The first part of this was taken from a post I’m cooking up on Star Trek movies.
That’s called a teaser, you see. I’ve never been very good at them but I’m told they can be terribly effective.
I am a big believer in the Wisdom of Crowds … sorta. When it comes to judging the quality of art, I think mass rankings are more useful than critical rankings. They are not perfect: it often takes time for a work of art to be fully appreciated. And enthusiasm for the new can cause it to be over-rated. But, generally, if you ask me where to look for an objective opinion, I’ll look to the … well, not the mob … but to the large mass of those who are interested enough to form an intelligent opinion.
That’s why I always talk about IMDB ratings when I talk about movies. IMDB has done an oustanding job of creating a movie rating system that is useful. It allows anyone to vote, but only if they are interested enough to create an account. They can only vote once. And an algorithm tempers the enthusiasm for newer movies. The ratings are not perfect: you’ll usually see new movies rocket to the top of the ratings and then slowly fall. All three Lord of the Rings movies vaulted to #1 in the ratings initially, then slowly fell back to #14, #25 and #10, which is about where they should be. The Dark Knight Rises is currently at #11 but will probably finish outside the top 250. The Godfather and Shawshank Redemption have vied for the #1 spot for more than a decade now and I know many who would agree that they should be near if not at the top.
The utility of the IMDB rankings is most obvious when you contrast it against those of critics, like the recent revision to the Top 50 Films of All Time, courtesy of the British Film Institute. The big news is that Vertigo displaced Citizen Kane from the top spot. The bigger news should be the ridiculous bias. Consider the way the films are distributed in time:
(And yes, that’s actually 52 movies in the top 50).
Now I’m willing to concede that some movie eras were better than others. The 1970’s, in particular, stand out as a golden age for new film-makers like Coppola, Scorsese, Spielberg and Lucas. But it is insanity to suggest that the 1950’s and 1960’s produced 4.5 times the number of great films the last three decades have. This is telling you nothing about the quality of those films and everything about just how old the BFI electorate are.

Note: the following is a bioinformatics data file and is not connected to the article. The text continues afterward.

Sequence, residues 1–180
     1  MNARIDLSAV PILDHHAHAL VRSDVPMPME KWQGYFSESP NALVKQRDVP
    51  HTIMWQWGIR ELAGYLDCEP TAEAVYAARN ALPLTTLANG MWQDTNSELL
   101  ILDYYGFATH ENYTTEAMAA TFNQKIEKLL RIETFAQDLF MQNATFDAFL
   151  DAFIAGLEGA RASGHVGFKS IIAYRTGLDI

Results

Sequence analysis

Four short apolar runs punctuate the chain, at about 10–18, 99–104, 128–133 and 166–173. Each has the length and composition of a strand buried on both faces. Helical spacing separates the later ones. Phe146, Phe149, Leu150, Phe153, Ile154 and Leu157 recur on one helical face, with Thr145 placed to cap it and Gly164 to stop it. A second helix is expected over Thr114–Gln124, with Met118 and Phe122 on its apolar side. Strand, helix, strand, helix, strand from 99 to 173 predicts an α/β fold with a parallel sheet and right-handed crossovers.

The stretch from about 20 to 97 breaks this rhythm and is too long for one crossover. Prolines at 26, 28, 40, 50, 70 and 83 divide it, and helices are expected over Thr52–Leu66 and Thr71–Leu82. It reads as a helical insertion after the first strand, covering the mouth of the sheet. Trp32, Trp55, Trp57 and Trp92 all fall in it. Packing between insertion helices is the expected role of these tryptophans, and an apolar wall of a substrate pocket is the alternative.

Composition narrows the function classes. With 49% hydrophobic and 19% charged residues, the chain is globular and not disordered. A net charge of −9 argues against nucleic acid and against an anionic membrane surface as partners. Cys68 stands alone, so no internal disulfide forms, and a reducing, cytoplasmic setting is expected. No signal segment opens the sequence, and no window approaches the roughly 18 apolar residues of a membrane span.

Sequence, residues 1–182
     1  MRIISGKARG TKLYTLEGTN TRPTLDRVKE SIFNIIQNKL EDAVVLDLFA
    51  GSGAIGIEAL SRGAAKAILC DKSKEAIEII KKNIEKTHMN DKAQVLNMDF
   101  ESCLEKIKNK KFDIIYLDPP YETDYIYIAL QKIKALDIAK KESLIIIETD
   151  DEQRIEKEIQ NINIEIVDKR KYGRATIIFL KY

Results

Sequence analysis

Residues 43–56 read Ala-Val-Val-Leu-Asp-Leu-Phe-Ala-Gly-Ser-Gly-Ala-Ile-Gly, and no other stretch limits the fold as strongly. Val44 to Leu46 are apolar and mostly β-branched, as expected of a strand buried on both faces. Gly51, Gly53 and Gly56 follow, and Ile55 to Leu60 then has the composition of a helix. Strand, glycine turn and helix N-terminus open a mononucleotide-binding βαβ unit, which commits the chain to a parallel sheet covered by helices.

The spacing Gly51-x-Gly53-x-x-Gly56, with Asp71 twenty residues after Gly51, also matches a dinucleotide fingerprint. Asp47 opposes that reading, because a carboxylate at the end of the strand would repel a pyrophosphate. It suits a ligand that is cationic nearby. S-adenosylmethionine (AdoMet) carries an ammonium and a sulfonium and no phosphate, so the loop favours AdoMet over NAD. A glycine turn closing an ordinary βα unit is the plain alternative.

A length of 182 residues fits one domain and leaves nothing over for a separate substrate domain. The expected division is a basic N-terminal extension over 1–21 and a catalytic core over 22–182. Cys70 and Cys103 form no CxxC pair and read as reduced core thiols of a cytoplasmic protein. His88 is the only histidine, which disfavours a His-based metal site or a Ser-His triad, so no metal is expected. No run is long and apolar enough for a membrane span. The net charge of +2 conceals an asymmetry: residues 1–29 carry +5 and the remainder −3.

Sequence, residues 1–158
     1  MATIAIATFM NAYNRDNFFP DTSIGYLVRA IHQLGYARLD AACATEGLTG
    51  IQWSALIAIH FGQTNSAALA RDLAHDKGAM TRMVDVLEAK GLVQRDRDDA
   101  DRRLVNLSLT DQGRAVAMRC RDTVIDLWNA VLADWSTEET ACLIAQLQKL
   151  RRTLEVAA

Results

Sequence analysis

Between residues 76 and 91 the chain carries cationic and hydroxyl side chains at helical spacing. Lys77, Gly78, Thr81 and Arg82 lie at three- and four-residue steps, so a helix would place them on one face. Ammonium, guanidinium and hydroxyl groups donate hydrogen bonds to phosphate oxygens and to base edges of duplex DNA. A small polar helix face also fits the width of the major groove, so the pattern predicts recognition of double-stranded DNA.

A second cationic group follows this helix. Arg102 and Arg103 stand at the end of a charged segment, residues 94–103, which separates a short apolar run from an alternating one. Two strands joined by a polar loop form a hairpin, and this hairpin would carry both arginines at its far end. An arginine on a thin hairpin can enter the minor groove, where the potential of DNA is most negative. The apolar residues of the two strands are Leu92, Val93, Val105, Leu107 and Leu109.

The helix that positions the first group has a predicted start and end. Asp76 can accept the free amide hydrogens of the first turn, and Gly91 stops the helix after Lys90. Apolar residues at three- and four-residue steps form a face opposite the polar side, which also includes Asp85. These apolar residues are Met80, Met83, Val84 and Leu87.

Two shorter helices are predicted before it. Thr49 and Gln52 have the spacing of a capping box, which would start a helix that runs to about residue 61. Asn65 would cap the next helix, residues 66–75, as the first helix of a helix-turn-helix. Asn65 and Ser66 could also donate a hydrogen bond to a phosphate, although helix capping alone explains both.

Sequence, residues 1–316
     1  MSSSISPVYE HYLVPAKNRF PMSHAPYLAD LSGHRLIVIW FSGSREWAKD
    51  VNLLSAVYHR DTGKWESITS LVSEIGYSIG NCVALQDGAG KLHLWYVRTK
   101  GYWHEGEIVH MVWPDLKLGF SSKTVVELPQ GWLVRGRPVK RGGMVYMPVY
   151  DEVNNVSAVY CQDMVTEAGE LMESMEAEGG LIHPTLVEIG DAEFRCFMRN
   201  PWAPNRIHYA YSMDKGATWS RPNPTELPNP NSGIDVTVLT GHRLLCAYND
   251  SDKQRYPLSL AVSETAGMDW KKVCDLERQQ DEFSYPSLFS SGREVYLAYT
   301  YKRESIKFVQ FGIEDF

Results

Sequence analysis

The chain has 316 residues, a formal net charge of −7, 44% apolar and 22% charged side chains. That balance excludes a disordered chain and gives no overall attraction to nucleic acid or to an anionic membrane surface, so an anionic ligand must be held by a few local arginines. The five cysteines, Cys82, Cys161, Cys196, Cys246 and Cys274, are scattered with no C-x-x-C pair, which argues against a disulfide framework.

Even their modern choices are a bit puzzling. Since 1980, the only films they rate in the top 50 are Shoah, Satantango, Close-up, Histoires de Cinema, In the Mood for Love and Mulholland Drive. I have not seen three of those. I would agree on the greatness of Shoah and In the Mood For Love. But Mulholland Drive is an excellent TV pilot with thirty minutes of bullshit sewn on. It’s a massively over-rated movie and I think it’s mainly over-rated because of the great lesbian sex scene that happens right before the movie implodes.
Let’s compare to IMDB:
Now there is a definite skew in IMDB toward recent movies. But that skew is not nearly as drastic as BFI’s. The 1990’s and 2000’s contain 38% of IMDB’s top movies. That’s compared to the 1950’s and 60’s containing 52% of BFI’s top films. BFI has only 12% of their movies in the last three decades. There is no three-decade period that has that low a percentage in IMDB. The only period that comes close is the first three decades of film. And that’s for a dynamic polling system.
The skew is stronger when you narrow IMDB to the top 50 movies. 15 of those are in the 1990’s and none in the 1920’s. But even then, the skew is not nearly as drastic as BFI’s, with plenty of top films in all decade except the 1920’s. And I would argue that this proves the point: IMDB is still better when you take the comparison that is the least fair because of IMDB’s over-rating of recent movies.
What are IMDB’s favorite movies of the last three decades? Shawshank Redemption, Schindler’s List, Lord of the Rings, Dark Knight, Fight Club, Inception, The Matrix, City of God, Forrest Gump, Silence of the Lambs. I removed The Dark Knight Rises because it is riding a wave of enthusiasm and will certain sink lower (as will Inception and The Dark Knight). I would submit, however, that IMDB’s slate of films is better than BFI’s. It is certainly more watchable.
Consider the top tens:
BFI: Vertigo, Citizen Kane, Tokyo Story, La Regle du jeu, Sunrise, 2001, the Searchers, Man with a Movie Camera, the Passion of Joan of Arc, 8 1/2
IMDB: The Shawshank Redemption, Godfather, Godfather Pari II, Pulp Fiction, The Good the Bad and the Ugly, 12 Angry Men, Schindler’s list, Dark Night, Return of the King, Empire Strikes Back
I will admit that BFI’s is more artistic and has a better international flavor. It’s less guy-movie oriented. But is it really better? Which of those slates would you rather have with you on a desert island? I thought so.
That’s why I talk about IMDB. It’s far from perfect, but it’s easily the best thing going. I especially like it is so very useful for relative rankings. It allows one to measure the progress of franchises, as I did last year with the Bond films and as I will soon do with the Trek movies. IMDB gives you an accurate glimpse of what the public thinks at this moment. And I find that far more enlightening than what some old, wizened critics think.